The question is not whether Red Dawn is a good movie. It is a bad movie. As the crazed ghost of Louis Althusser might say, it has always already been a bad movie. The question is: What kind of bad movie is it?
(Aside: The question I have received most frequently when I've told people I went to see Red Dawn was actually: "Does Chris Hemsworth take off his shirt?" The answer, I'm sorry to say, is no. All of the characters remain pretty scrupulously clothed through the film. The movie's rated PG-13, a designation significant to its predecessor, so all it can do is show a lot of carnage, not carnality. May I suggest Google Images?)
My companion and I found Red Dawn to be an entertaining bad movie. I feel no shame in admitting that the film entertained me; I'm against, in principal, the concept of "guilty pleasures" and am not much interested in shaming anybody for what are superficial, even autonomic, joys. (That doesn't mean we can't examine our joys and pleasures.) No generally-well-intentioned, "diversity"-loving, pinko commie bourgeois armchair lefty like me can go into a movie like Red Dawn and expect to see a nuanced study of geopolitics. I knew what I was in for. I got what I expected: a right-wing action-adventure movie based on a yellow peril premise. Red Dawn is an unironic remake of a 1984 movie predicated on paranoid right-wing fantasies; it's not aspiring to even the most basic Starship Troopers-levels of intertextuality and metacommentary. There's none of the winking at the audiences that fills so many other 1980s remakes and homages (e.g. Expendables 2, which relies on the audience's knowledge of its stars' greatest hits — the only convincing performance in the movie is that of Jean-Claude van Damme, who, apparently overjoyed to be released from the purgatory of straight-to-DVD movies, plays it all for real, and becomes the only element of any interest in the whole thing). The closest Red Dawn comes to acknowledging its position in the cinemasphere happens when it turns the first film's very serious male-bonding moment of drinking deer blood into a practical joke, giving the characters a few rare laughs.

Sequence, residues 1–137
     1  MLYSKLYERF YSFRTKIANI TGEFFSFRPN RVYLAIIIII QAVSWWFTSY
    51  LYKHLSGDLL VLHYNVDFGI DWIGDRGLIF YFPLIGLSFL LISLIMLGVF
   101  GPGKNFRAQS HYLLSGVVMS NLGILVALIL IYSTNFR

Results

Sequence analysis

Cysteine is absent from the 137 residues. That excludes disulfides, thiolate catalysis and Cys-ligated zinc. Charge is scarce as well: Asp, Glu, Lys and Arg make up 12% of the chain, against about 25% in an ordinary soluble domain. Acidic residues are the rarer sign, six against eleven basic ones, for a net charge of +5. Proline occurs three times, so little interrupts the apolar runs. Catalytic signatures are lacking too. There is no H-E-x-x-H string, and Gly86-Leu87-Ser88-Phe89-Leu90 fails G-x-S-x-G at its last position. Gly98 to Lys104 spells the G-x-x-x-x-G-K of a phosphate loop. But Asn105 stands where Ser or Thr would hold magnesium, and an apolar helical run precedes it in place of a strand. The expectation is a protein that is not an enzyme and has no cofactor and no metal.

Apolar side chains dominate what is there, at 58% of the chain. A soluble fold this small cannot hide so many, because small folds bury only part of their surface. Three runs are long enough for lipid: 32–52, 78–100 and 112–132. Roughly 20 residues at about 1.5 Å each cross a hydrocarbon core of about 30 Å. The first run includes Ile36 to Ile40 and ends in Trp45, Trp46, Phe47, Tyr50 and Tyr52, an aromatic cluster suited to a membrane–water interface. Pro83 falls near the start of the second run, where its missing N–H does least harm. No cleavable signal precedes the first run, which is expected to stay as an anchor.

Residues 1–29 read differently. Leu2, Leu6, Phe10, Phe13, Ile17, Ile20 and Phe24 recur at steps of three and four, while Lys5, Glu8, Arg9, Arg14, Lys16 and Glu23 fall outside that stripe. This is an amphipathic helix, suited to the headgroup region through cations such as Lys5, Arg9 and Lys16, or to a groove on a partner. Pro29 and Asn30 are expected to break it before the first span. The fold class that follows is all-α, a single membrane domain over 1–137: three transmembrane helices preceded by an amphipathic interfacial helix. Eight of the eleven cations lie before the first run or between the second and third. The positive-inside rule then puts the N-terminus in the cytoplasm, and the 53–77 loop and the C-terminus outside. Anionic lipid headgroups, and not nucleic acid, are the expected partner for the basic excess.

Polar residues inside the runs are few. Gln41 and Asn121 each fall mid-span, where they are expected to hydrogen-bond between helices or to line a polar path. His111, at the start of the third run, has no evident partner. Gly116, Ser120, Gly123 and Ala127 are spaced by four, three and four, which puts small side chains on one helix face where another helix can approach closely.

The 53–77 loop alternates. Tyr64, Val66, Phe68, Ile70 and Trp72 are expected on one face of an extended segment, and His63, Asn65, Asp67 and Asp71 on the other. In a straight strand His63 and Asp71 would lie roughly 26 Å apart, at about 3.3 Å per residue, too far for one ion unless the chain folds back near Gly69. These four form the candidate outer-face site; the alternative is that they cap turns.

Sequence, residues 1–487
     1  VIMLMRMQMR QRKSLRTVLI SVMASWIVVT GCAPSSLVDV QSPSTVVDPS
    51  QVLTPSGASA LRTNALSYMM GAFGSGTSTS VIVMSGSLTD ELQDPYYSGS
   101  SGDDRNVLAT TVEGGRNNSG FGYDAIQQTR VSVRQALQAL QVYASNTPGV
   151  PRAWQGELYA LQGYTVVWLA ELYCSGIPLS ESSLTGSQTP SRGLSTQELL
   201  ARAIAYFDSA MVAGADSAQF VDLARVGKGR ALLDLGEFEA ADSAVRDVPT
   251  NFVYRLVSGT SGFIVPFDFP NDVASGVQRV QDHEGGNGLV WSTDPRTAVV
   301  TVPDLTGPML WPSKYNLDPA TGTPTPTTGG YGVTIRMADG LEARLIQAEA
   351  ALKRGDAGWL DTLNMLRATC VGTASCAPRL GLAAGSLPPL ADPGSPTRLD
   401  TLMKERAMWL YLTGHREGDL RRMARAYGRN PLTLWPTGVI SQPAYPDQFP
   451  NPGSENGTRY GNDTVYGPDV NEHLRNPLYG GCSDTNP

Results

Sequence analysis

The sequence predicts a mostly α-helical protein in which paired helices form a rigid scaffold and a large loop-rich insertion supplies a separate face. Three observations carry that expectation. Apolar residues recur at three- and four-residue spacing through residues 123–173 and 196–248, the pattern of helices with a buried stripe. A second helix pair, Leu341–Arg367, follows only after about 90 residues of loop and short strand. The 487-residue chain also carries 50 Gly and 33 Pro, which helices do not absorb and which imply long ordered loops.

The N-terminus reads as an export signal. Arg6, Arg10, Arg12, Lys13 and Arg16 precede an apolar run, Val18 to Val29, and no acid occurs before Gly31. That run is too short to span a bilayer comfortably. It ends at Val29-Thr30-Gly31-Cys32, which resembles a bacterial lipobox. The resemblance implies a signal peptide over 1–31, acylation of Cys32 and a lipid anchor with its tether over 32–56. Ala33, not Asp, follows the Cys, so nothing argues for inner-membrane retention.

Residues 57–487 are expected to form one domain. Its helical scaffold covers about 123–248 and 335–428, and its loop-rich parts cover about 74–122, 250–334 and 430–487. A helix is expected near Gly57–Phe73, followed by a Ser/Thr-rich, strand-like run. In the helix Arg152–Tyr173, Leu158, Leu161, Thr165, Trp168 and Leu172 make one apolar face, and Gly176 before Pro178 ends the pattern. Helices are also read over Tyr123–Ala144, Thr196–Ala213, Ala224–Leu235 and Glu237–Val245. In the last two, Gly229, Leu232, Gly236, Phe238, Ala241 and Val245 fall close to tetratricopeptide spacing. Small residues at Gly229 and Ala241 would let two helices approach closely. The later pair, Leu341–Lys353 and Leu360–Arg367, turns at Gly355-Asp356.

What are we supposed to feel good about in this movie? The 1984 Red Dawn was not even remotely a feel-good movie, but it gave us a space in which to feel proud of an idea of America that could survive even the most devastating attack by the Soviet Union (and its Latin American minions). It made a point of showing concrete objective correlatives for the abstract idea that is "American freedom" — the one that was most impressed on me by my father when we first watched Red Dawn together was the scene where Soviet soldiers talk about going to a gun shop to collect the federal Form 4473s, and using them to track down gun owners. This, to my father and many other people, demonstrated exactly why even the most minimal type of registration of guns is not merely annoying, but a threat to freedom. I vividly remember my father saying, "If the Russians come, we burn those damn forms." Red Dawn was not merely an action movie; it was a documentary.